Too much treatment, too early after whiplash injury delays recovery

Whiplash patients who are treated too aggressively right after being injured may actually take longer to recover than those who get less treatment. That’s the conclusion of a recently published study by Institute Scientist Dr. Pierre Côté.

The study found that patients with whiplash injuries who visited their general practitioner (GP) once or twice in the first few weeks recovered much faster than those who visited family physicians or chiropractors more often in the month after injury. Whiplash is an injury to the neck that typically results from a motor vehicle collision. Whiplash is the most common type of traffic injury and affects 83 per cent of people involved in an automobile collision. We found that patients who visited a GP and/or consulted a chiropractor more than six times during the first 30 days after their injury took twice as long to recover as those who saw their GP only once or twice, says Côté. Those who received combined care from GPs and specialists also took longer to recover.

Côté analyzed data on 2,486 patients who had reported whiplash injuries to the Saskatchewan Government Insurance (SGI). The SGI is the province’s automobile insurer. We identified patients as either high- or low-users of health care, Côté explains. We also noted what kinds of health providers they consulted, including a GP, chiropractor, a combination of general practitioner and chiropractor, or a combination of GP and specialist, like an orthopedic surgeon.

Low-utilization was defined as making one or two visits to a GP and between one and six visits to a chiropractor. High utilization was defined as making more than two visits to a GP or more than six visits to a chiropractor. Recovery was measured by the number of days between the injury and the date the insurance claim was closed. An analysis showed that claim closure is a valid marker of health recovery because it is associated with clinically important improvements in neck pain and physical functioning, as well as reduced symptoms of depression.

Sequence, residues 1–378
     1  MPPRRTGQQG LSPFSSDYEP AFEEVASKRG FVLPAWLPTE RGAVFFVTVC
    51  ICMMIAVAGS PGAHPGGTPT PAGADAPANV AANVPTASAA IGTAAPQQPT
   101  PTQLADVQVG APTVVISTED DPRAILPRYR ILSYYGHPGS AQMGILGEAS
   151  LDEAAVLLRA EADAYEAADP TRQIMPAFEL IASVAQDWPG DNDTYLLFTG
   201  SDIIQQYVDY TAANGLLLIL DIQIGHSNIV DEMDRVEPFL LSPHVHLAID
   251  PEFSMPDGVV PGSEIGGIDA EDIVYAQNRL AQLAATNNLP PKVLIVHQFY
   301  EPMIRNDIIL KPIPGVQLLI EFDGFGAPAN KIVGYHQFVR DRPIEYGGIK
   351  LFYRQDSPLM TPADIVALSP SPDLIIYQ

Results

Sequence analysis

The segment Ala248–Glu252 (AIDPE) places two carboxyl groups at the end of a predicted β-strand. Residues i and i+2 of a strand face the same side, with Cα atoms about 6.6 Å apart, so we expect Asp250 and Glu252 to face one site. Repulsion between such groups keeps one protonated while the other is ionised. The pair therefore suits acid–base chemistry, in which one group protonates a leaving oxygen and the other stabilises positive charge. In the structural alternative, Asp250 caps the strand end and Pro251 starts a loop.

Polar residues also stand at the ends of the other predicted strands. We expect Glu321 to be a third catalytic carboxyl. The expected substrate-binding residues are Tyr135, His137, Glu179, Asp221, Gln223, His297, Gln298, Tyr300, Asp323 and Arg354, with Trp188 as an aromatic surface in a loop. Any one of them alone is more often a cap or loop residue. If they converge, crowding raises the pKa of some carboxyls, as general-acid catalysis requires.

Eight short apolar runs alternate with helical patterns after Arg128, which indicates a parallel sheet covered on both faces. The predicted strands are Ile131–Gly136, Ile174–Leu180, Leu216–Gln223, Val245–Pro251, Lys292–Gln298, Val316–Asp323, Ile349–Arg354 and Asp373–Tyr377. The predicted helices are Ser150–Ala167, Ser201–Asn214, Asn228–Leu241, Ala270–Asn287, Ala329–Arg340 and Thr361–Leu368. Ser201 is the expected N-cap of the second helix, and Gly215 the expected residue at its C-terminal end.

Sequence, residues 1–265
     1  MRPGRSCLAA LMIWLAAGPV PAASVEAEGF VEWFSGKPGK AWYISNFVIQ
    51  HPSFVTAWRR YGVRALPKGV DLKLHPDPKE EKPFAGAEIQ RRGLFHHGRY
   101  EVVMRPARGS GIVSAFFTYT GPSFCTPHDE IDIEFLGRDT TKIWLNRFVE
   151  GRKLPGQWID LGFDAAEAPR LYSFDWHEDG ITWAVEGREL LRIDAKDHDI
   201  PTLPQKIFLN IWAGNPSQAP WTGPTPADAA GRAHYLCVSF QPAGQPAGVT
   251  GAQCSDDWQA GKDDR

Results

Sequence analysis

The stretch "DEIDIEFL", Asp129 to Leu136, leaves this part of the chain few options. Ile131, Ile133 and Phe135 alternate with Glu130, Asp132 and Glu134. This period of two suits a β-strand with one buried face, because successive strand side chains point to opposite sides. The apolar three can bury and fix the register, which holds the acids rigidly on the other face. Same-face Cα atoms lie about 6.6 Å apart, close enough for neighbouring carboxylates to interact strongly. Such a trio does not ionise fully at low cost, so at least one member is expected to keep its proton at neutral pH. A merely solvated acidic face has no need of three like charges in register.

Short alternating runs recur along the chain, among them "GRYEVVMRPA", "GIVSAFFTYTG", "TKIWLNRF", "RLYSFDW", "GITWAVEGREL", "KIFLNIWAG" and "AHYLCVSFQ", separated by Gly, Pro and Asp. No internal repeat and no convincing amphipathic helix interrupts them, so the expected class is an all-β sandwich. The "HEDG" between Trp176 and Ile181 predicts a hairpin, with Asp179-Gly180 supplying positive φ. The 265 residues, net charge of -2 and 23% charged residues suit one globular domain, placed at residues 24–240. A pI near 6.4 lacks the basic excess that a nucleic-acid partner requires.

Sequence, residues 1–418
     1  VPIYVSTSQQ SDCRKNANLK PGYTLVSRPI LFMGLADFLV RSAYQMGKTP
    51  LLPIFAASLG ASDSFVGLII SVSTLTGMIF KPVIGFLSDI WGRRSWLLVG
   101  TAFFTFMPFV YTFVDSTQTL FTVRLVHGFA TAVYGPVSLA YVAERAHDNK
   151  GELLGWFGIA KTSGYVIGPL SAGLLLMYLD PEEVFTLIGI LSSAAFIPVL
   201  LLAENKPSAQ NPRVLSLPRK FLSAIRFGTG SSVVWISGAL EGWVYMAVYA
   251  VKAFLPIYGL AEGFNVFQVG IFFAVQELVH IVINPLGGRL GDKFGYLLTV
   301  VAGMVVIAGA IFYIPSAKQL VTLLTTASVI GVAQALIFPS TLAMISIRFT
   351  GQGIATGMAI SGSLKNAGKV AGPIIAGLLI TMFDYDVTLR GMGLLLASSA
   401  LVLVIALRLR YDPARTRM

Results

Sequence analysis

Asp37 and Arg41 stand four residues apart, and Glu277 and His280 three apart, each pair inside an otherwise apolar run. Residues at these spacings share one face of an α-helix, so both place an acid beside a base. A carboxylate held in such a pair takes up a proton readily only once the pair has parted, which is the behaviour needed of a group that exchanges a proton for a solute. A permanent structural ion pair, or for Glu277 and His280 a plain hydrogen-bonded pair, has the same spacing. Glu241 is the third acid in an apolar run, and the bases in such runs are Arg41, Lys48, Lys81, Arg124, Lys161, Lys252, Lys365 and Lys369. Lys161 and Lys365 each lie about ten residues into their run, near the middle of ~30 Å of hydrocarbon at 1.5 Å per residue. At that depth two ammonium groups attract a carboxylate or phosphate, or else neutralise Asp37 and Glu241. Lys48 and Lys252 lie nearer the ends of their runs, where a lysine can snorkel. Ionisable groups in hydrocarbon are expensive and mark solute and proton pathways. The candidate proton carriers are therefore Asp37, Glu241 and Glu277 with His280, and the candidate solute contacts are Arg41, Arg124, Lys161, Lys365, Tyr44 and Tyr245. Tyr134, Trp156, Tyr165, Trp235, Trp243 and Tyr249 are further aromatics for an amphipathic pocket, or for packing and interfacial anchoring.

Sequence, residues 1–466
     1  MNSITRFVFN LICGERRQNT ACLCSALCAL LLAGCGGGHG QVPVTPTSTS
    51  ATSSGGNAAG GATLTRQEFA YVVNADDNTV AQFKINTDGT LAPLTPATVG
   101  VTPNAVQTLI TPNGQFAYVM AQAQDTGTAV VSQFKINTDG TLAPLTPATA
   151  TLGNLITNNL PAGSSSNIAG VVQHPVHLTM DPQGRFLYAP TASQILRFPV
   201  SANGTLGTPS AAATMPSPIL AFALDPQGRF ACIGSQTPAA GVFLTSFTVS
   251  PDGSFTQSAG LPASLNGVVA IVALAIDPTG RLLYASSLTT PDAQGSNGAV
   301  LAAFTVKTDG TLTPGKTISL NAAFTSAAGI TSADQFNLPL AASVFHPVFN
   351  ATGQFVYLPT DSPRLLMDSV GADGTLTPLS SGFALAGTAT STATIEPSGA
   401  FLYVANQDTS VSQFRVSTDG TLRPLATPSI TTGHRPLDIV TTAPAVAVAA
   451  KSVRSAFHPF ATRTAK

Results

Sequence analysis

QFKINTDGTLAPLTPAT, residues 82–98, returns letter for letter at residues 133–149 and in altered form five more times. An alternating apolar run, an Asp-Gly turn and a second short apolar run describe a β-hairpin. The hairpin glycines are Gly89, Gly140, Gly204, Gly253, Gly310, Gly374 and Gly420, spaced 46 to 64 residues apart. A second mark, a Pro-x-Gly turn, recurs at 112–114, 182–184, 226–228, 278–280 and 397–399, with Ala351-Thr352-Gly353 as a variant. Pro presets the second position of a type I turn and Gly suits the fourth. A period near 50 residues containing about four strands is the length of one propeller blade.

The analysis accounted for a number of factors including the severity of each person’s whiplash injury and his or her prior health status. This was important because such factors could influence how often individual patients consulted their care providers and how long it takes them to recover, Côté explains. But even after these factors were considered, the researchers still found that patients in the low-utilization group recovered more quickly, even if their injuries were more severe or their prior health had been poor. Similarly, patients in the high-utilization group took longer to recover, regardless of the severity of their injury.

Whiplash is a very common injury, says Côté. Our findings suggest there is an opportunity for family physicians, chiropractors and specialists to reduce the physical, psychosocial and economic burden of whiplash. They can help prevent the development of chronic conditions by not treating patients too aggressively after the onset of injury. Our study supports previous research which emphasizes that clinicians should manage whiplash through pain control, reassurance, education and timely return to normal activities.

Côté’s study was funded by the Canadian Institutes of Health Research (CIHR) and the National Health Research and Development Program (NHRDP).  The study received ethics approval from the University of Saskatchewan.

Source: At Work, Issue 43, Winter 2006: Institute for Work & Health, Toronto